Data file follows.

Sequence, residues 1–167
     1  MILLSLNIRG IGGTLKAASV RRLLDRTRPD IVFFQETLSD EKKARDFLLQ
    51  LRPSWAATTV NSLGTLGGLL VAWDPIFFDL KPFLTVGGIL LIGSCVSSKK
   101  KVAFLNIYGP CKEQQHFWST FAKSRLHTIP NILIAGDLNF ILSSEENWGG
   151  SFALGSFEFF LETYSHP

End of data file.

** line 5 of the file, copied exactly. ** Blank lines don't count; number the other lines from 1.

   151  SFALGSFEFF LETYSHP